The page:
There’s a lot of discussion over the pros and cons of owning a traditional epoxy/hardboard board vs inflatable paddleboard among paddlers. When it comes to these two options, most individuals are unsure about what to buy and why. That’s understandable, and it’s a good thing. If you’re looking for a long-term investment in the right board for your recreational pursuits, an inflatable paddle board is the way to go. One of the most straightforward solutions is to purchase all of them. In this manner, you’ll be prepared for any scenario that may arise. It, however, isn’t always the case.
The invention of inflatable paddle boards revolutionised the world of Stand Up Paddleboarding. To that point in time, the sport had mostly been the domain of large wave surfers who rode hardboards to catch the waves. Surfing, windsurfing, and kayaking had already developed manufacturing procedures for these rigid boards, which utilised a foam core covered in fibreglass laminates, carbon, or even thin laminates of wood.
Although these boards were helpful in the surf and racing, their inherent fragility and heavy character rendered them unsuitable for most paddlers. Paddlers seeking slight advantages in racing or waves may still choose hardboards. Still, the performance gap has been narrowed to nearly nothing, thanks to advancements in materials, design, and creativity in the high-end inflatable paddleboard sector.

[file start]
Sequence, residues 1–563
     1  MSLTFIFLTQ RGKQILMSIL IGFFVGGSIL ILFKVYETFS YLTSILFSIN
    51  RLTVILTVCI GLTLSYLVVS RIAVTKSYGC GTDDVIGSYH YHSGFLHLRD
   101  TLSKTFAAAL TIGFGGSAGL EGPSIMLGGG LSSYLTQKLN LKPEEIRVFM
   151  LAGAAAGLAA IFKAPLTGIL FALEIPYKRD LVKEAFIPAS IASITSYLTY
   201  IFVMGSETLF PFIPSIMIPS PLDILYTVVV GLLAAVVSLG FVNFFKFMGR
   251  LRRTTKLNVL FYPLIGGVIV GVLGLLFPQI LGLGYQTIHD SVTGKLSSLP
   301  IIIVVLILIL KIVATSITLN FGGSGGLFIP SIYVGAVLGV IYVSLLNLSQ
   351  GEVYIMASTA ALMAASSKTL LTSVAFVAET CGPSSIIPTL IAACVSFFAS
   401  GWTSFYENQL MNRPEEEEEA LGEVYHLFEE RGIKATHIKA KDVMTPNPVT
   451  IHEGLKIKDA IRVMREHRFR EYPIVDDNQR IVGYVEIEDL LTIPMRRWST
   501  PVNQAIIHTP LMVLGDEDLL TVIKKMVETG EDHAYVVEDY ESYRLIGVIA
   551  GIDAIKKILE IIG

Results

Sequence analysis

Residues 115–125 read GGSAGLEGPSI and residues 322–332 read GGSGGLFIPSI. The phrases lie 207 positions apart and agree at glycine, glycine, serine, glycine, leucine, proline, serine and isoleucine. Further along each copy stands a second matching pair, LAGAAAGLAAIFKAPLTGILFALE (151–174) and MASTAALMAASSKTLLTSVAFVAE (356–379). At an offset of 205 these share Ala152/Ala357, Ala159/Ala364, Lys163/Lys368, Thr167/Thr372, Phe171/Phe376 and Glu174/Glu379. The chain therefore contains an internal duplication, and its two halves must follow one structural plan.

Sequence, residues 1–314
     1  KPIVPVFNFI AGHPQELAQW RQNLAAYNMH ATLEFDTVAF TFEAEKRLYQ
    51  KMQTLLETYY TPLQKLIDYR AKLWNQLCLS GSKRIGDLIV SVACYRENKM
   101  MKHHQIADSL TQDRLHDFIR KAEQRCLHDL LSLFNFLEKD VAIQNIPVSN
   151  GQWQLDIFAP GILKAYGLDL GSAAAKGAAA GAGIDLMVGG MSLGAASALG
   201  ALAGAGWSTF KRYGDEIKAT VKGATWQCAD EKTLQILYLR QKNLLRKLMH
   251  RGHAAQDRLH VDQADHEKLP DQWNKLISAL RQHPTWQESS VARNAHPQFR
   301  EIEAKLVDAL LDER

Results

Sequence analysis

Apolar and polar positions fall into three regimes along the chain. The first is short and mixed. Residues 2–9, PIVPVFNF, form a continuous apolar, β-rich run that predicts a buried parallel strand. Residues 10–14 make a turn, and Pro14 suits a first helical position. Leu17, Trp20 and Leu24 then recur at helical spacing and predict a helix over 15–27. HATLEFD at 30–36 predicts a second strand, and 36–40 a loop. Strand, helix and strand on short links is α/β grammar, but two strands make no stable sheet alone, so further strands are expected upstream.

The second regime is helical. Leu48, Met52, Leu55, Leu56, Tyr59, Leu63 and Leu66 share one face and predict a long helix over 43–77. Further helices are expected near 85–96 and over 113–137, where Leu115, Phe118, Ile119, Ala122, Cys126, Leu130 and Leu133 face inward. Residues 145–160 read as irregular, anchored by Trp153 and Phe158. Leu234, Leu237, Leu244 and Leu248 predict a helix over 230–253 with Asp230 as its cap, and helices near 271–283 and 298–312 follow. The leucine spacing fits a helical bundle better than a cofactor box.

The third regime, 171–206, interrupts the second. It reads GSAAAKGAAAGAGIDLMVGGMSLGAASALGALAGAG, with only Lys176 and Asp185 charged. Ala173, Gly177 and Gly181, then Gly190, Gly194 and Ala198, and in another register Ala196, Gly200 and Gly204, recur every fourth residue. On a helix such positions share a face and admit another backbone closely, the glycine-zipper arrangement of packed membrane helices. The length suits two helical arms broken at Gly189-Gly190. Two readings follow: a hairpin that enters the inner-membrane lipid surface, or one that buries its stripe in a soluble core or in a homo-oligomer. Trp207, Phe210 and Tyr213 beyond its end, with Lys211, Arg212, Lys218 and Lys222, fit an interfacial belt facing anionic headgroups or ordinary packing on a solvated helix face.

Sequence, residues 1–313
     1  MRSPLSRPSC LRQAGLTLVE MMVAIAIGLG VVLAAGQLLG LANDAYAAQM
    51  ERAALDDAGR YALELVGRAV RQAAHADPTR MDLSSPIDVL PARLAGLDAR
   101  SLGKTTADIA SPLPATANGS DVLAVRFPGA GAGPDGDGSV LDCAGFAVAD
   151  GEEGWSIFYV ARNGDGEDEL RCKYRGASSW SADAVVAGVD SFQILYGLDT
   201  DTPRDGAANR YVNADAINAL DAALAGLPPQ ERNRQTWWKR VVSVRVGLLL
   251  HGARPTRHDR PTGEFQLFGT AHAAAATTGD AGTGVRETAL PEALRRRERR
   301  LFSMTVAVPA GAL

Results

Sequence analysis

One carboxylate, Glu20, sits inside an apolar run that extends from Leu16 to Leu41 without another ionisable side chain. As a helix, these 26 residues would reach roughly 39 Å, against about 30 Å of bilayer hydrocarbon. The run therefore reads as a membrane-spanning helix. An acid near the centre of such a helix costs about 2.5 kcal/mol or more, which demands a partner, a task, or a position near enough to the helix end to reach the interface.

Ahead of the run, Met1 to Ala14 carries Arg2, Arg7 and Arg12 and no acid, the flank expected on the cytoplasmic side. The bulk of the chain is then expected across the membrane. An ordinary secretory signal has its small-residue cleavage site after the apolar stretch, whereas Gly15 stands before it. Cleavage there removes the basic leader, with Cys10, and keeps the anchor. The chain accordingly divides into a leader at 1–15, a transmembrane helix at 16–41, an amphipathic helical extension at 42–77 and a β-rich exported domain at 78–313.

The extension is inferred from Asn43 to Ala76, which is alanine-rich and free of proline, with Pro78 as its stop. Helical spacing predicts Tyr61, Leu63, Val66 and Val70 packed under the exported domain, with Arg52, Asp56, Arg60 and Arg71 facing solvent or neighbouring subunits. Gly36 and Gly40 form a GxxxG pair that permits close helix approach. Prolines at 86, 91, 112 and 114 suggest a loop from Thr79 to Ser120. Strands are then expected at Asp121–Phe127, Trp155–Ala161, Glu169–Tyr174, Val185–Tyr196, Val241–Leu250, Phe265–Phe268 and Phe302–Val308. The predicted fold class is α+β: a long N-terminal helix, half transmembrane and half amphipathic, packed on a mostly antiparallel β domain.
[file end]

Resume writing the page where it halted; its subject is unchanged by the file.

- Most boards don’t seem significant or clumsy in the water, making them easier to carry and more stable. It’s not uncommon for the ordinary paddler to have difficulty controlling an 11-foot board while on land. The weight of a typical piece of hardboard is from 20 to 30 pounds. That doesn’t seem like a lot, either. A long beach or a strong wind may make it difficult to transport. Inflatable SUPs typically weigh between 15 and 17 pounds, making them far lighter to carry on land than traditional SUPs.
- Inflatable paddleboards also have more oversized rails, making getting on and off the board more accessible and faster. It will also allow paddlers to carry greater weight on the board. Please expect to be able to carry a more relaxed SUP dog, yourself, and much more on our Atoll inflatable paddleboard! As long as you don’t weigh more than 400 pounds!
- Inflatable paddleboards can be stored in a small area with reasonable simplicity, making them an excellent option for those who don’t have a lot of room for a traditional paddleboard. There is no designated space or rack needed to keep inflatable paddleboards. Because it’s so easy to pack up, you don’t need to inflate it at all! Additionally, this might come in helpful for those who don’t have a roof rack installed on their vehicle. Your SUP may be loaded onto the truck, and you can make your way to the drop-off location without needing to acquire an extra piece of pricey equipment.
- Inflatable boards may be checked in on an airline for international SUP trips! Bring a paddleboard with you everywhere you go, and you’ll never miss a chance to paddle!
- An inflatable paddleboard is far more durable than hardboards, which may come as a surprise to many newcomers. If you were to hit a rock, drop it on asphalt or concrete, or fall on it in the water, you are likely to fracture, chip, or even pierce the base of a hardboard because of its fibreglass, carbon fibre, and epoxy resin structure. If water gets into the foam core, it will take weeks to dry and end up costing a lot of money in repairs. In contrast, military-grade PVC is used to construct inflatable boards, which cover a drop-stitch core and, when inflated, bounce off surfaces readily, preventing punctures and providing a cushioned landing in the event of a fall while paddling.
Author: Alison Lurie